PBS’ ‘Wolf Hall’: 16th-century powerbroker makes his play
AP Television Writer
LOS ANGELES — Sure, “Downton Abbey” is easy to love with its romance, high fashion and Ye Olde McMansion. But PBS’ “Wolf Hall” boasts its own seductive strength, courtesy of a 16th-century powerbroker who would be at ease in “House of Cards” and the dashing English king he serves.
Drawn from Hilary Mantel’s pair of award-winning historical novels that follow Thomas Cromwell as he maneuvers his way through the court of King Henry VIII, “Wolf Hall” stars acclaimed British stage actor Mark Rylance as Cromwell and Damian Lewis (“Homeland”) as Henry.
The six-part drama, debuting at 10 p.m. EDT Sunday and co-starring Claire Foy as Anne Boleyn, is a worthy “Masterpiece” sibling to “Downton Abbey” and the series’ canon, said Rebecca Eaton, executive producer of the long-running series.
Recent word that ratings sensation “Downton” will conclude next year magnifies the importance of “Wolf Hall” and other successors. The 20th century “Upstairs, Downstairs” saga drew new viewers to “Masterpiece” but also may have created expectations of a never-ending stream of similar fare.
How will viewers respond? While Eaton acknowledges that “Wolf Hall” is more somber in tone and look than eye-candy “Downton,” she contends that’s not necessarily a drawback.
“Masterpiece” is an anthology series “and that is part of the beauty of what we do,” she said. “You could also argue there is an audience that will come to it because it isn’t ‘Downton Abbey’: the Hilary Mantel people or the Netflix ‘House of Cards’ people who want something with more grit, something darker.”
Colin Callender, executive producer of “Wolf Hall,” which garnered a big audience for Britain’s BBC2, agreed with the assessment. He compares Cromwell — who shared family ties with 17th century British political and military leader Oliver Cromwell — to recent popular TV antiheroes.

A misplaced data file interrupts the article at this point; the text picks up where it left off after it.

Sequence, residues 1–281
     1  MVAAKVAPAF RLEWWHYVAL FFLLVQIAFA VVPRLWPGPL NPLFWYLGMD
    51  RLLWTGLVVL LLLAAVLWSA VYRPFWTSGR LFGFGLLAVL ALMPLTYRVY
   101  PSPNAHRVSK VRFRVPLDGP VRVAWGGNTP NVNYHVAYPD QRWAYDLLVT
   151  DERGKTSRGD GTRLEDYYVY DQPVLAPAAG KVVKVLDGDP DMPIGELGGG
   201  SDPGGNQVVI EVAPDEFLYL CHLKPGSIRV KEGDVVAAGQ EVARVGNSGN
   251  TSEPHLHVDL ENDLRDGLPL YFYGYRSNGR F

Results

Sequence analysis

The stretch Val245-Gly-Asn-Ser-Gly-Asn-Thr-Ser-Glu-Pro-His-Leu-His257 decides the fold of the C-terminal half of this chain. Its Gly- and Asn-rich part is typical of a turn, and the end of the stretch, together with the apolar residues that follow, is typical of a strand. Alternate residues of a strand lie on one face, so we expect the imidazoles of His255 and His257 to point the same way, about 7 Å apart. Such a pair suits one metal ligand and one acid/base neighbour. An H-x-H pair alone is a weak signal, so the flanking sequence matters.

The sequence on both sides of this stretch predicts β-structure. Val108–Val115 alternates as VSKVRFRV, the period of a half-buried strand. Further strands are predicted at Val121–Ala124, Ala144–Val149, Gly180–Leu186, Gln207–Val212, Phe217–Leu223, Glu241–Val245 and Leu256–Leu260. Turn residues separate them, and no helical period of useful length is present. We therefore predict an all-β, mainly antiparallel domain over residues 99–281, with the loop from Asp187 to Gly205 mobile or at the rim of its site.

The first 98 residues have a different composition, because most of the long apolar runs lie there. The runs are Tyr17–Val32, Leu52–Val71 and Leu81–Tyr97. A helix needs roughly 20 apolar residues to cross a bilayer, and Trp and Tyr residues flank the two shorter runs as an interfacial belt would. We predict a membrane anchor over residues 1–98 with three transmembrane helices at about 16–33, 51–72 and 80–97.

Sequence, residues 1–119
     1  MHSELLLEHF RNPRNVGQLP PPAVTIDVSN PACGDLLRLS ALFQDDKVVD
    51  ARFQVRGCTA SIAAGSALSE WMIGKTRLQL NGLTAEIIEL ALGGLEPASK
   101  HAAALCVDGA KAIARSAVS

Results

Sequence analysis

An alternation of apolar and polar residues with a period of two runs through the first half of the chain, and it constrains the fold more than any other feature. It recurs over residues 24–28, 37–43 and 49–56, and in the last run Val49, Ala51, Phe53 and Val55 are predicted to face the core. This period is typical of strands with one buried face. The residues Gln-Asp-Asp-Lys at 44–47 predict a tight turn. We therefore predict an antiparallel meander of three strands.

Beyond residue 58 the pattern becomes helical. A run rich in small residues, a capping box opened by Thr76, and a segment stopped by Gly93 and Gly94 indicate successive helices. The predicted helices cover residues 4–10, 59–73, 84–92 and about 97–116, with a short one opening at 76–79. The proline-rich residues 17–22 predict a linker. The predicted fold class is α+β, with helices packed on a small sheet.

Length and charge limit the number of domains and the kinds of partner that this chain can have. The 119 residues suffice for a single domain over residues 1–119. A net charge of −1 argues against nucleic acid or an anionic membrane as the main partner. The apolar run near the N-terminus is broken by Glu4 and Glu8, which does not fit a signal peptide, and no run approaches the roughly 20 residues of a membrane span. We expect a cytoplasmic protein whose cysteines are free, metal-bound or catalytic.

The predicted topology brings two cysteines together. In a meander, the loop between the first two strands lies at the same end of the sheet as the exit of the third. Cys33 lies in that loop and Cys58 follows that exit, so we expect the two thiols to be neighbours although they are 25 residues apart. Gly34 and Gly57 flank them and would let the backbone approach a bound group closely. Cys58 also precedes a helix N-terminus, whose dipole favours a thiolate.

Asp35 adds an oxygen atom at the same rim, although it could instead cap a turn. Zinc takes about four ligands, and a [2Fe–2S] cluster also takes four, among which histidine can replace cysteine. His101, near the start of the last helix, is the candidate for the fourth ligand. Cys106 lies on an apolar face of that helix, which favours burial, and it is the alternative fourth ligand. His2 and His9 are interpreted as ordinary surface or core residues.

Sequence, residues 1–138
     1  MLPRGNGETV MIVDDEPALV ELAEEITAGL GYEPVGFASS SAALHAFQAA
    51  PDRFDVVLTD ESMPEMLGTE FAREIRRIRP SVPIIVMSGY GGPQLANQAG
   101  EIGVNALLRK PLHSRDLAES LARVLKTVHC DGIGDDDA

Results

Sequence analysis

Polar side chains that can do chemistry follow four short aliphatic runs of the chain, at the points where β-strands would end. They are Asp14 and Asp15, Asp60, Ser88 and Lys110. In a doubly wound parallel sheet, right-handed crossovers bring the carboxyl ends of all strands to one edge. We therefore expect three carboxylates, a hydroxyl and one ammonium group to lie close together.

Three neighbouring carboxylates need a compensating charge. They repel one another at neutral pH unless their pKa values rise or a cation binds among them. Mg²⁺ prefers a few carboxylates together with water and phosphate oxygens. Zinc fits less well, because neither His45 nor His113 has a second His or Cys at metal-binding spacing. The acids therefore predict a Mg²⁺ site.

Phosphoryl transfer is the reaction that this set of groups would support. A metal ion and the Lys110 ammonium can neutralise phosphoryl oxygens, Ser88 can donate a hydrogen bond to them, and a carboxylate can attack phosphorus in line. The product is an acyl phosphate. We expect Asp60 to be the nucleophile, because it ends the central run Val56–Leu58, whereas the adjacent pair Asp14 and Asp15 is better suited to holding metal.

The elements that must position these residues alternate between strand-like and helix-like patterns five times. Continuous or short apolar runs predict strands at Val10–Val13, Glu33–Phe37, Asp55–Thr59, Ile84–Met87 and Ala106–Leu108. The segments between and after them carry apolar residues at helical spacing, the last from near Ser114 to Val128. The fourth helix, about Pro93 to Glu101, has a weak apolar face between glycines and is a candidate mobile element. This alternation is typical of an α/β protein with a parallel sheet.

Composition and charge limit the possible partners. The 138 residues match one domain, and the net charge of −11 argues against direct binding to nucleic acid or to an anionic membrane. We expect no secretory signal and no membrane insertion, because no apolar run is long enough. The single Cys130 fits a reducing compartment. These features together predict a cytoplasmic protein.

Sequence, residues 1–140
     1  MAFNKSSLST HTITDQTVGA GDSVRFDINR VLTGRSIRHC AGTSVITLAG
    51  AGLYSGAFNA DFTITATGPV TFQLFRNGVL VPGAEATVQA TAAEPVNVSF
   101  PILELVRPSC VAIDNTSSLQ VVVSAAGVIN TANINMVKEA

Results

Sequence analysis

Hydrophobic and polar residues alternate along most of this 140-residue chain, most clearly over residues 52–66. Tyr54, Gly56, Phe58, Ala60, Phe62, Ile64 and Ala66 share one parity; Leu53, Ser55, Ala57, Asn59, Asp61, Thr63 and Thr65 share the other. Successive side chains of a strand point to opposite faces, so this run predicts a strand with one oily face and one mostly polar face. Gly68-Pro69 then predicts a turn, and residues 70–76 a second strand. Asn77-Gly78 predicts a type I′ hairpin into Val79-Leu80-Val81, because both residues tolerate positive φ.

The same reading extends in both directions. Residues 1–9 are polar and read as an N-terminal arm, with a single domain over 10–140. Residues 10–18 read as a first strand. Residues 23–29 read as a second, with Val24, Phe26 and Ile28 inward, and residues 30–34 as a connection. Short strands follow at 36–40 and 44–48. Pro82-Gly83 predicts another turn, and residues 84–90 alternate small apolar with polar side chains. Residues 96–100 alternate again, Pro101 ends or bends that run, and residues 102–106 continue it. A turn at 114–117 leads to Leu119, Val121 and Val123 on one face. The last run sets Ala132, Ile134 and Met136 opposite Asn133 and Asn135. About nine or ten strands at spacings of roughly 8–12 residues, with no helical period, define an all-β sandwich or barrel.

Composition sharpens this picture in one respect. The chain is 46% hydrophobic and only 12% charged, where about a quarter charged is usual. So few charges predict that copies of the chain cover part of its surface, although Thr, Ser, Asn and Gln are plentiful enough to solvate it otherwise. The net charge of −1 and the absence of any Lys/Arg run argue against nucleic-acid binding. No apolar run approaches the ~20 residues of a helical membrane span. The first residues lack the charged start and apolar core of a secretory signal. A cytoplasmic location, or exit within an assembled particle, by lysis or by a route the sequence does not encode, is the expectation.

“In a world post-’Sopranos’ and post-’Breaking Bad’ and Walter White and ‘House of Cards’ and Frank Underwood, I think the audience embraces and is intrigued by characters that straddle a moral line,” Callender said.
He credits screenwriter Peter Straughan for effectively distilling the novels’ combined thousand pages into a focused “revenge story” in which Cromwell attempts to destroy the men who toppled his mentor, Cardinal Wolsey (Jonathan Pryce). Peter Kosminsky was the director.
“At one point Cromwell says, ‘I need guilty men. They may not be guilty of the things charged, but they’re guilty nonetheless,’” Callender says, reciting the lines with gusto.
“Homeland” fans may be drawn in by the prospect of seeing Lewis’ energetic and mercurial Henry, one far removed from the traditional image of a stolid, bulky ruler as depicted in Hans Holbein’s portrait.
Lewis hesitated in taking the part that he himself describes as a supporting role, with Henry seen only when he interacts with Cromwell.
“I’m not going to lie to you. I tussled with my vanity, briefly. I thought, ‘Well, I’m going to play Henry VIII, I want to be the guy,’” Lewis said. But the script and its depiction of a many-faceted Henry changed his mind.
“Because he’s not there all the time, every time he arrives in this piece you get a little portrait of him. … You might see him being affectionate to his baby girl or throwing a kingly fit of volcanic proportions or composing a song on his lute or doing archery on his horse,” Lewis said.
But it is Cromwell who dominates the story. The character, traditionally portrayed by history as “a two-dimensional villain lurking in the wings,” required a masterful actor, Callender said.
That unquestionably is Rylance, a three-time Tony Award winner who’s decided to take on more screen work. That includes “The Gunman” with Sean Penn, and Steven Spielberg’s in-production movie “The BFG,” in which Rylance plays a kindly giant with that moniker.
As Cromwell, his face is a study in caution and wariness, his body language protectively neutral. The actor said that playing Cromwell gave him a chance to work in the Spencer Tracy mode, one he described as requiring he be “more present, more contained, less effortful.”
He was inspired by the veteran oarsmen he saw at work during a Colorado River trip he took last fall, using the fewest number of strokes to make steady progress.
“A little pull here, a little pull there. Then the current takes his boat that way. They never tip over or flail. They just use the nature of what’s there,” said the engagingly low-key, soft-spoken actor.
The 55-year-old Rylance translated their approach to his world.
“Use what the other actors are giving you. Don’t be tempted by this pressure (that) you have to do it all yourself,” he said. “Just be present and full of curiosity.”
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